Topic Overview

What is Tay-Sachs disease?

Tay-Sachs is a rare
disease that is passed down through some families. A person with Tay-Sachs has changed (mutated) genes that don’t make any or enough of an enzyme called hexosaminidase A (hex A). Hex A breaks down fatty compounds. Without it, fatty compounds build up in the nerve cells of the brain and cause damage.

There are two forms of Tay-Sachs:

  • The most common form develops soon after a
    baby is born. It causes death early in childhood.
  • Late-onset Tay-Sachs can start between
    puberty and the mid-30s. How long a person lives
    depends on how severe the symptoms are. People may live as long as someone who
    doesn’t have Tay-Sachs disease. Late-onset Tay-Sachs is very rare.

What causes Tay-Sachs disease?

Tay-Sachs can occur
when parents pass on a changed gene to their child.

  • If a baby gets the changed gene from both parents, he
    or she will get the disease.
  • If the baby gets the changed gene from only
    one parent, he or she will be a
    carrier. This means that the child will have one
    gene that produces hex A and one that doesn’t. The child’s body makes enough hex A so that he or she doesn’t get the disease. But the child can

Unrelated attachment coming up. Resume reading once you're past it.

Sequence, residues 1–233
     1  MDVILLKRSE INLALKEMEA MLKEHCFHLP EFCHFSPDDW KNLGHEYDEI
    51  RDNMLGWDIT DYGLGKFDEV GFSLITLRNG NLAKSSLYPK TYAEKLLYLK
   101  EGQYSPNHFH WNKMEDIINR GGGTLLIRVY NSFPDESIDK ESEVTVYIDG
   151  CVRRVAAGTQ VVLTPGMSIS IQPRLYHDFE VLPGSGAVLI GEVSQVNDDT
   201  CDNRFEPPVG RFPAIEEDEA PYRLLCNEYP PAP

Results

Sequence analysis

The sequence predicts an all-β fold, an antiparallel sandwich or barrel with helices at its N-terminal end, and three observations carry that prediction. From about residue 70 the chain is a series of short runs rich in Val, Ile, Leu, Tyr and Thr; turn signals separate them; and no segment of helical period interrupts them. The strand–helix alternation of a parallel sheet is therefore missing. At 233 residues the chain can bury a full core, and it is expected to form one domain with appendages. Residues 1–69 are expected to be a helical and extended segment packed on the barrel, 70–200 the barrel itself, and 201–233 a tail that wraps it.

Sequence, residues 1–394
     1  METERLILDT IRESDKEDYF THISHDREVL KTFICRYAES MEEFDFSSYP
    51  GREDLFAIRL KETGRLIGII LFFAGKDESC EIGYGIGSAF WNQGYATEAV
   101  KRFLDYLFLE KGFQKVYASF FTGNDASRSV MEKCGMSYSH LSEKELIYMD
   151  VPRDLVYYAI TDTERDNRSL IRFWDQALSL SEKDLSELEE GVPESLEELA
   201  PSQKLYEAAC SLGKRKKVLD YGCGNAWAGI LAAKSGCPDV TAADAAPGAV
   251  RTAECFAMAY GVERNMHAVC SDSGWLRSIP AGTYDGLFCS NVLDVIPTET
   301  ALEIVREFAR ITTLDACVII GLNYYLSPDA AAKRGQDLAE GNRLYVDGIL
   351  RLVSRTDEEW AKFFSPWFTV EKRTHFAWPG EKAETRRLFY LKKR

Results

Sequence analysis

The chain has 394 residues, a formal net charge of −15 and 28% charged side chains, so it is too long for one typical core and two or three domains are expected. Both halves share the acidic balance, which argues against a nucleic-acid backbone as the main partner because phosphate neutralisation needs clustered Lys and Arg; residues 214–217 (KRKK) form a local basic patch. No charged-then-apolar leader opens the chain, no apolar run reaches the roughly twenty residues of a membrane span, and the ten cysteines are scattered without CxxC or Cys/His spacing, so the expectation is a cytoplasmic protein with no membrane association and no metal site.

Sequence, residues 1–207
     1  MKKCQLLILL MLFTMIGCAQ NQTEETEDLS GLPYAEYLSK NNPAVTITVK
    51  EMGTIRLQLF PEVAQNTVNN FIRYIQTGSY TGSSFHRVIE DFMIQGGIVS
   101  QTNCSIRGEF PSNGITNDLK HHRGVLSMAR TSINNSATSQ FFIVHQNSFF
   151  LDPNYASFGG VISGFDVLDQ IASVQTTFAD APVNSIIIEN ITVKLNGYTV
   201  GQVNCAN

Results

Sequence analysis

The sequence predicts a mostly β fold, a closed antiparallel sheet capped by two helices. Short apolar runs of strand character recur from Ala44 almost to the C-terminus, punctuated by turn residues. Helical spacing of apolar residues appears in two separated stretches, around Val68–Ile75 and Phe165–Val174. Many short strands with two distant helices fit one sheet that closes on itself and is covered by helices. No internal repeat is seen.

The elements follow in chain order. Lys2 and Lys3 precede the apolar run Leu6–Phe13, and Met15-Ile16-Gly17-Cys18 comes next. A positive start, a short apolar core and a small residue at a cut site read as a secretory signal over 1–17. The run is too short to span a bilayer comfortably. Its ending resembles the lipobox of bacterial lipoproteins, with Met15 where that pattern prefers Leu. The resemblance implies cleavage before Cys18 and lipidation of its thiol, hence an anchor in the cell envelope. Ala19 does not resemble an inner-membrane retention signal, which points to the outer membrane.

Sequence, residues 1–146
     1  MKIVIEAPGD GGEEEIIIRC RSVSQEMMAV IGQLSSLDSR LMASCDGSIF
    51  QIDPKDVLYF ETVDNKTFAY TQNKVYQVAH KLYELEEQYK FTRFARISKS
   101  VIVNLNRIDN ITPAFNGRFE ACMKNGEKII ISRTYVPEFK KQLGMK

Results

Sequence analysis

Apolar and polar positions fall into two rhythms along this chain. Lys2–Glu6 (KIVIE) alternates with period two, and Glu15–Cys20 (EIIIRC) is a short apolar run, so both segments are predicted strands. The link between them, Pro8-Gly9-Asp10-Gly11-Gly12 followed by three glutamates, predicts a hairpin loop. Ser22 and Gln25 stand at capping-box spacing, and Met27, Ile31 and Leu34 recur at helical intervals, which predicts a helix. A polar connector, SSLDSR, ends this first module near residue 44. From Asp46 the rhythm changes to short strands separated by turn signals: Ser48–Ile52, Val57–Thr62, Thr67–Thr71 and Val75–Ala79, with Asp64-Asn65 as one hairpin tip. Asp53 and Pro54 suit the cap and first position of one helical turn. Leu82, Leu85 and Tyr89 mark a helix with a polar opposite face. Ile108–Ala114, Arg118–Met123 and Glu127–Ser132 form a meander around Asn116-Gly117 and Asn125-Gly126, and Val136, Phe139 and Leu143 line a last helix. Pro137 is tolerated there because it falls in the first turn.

pass the changed gene on to his or her children.

In late-onset Tay-Sachs (LOTS), the body
makes a small amount of hex A. People with LOTS inherit the late-onset hex A
gene change from one or both parents.

The changed gene that causes Tay-Sachs disease is more commonly found in people of Ashkenazi Jewish
descent. About 1 out of 30 people in this population is a carrier of the
disease.footnote 1 People of
French-Canadian descent from the East Saint Lawrence River Valley of Quebec and
people of Cajun descent in Louisiana are also more likely than others to carry the changed gene.

What are the symptoms?

A child with Tay-Sachs
disease looks healthy at birth. But when the child is:

  • 3 to 6 months of age,
    you may notice that the child makes less eye contact and has a hard time
    focusing his or her eyes on things. A doctor may see a red spot on the child’s
    retina.
  • 6 to 10 months of age, you may notice that the child is not as alert and playful as he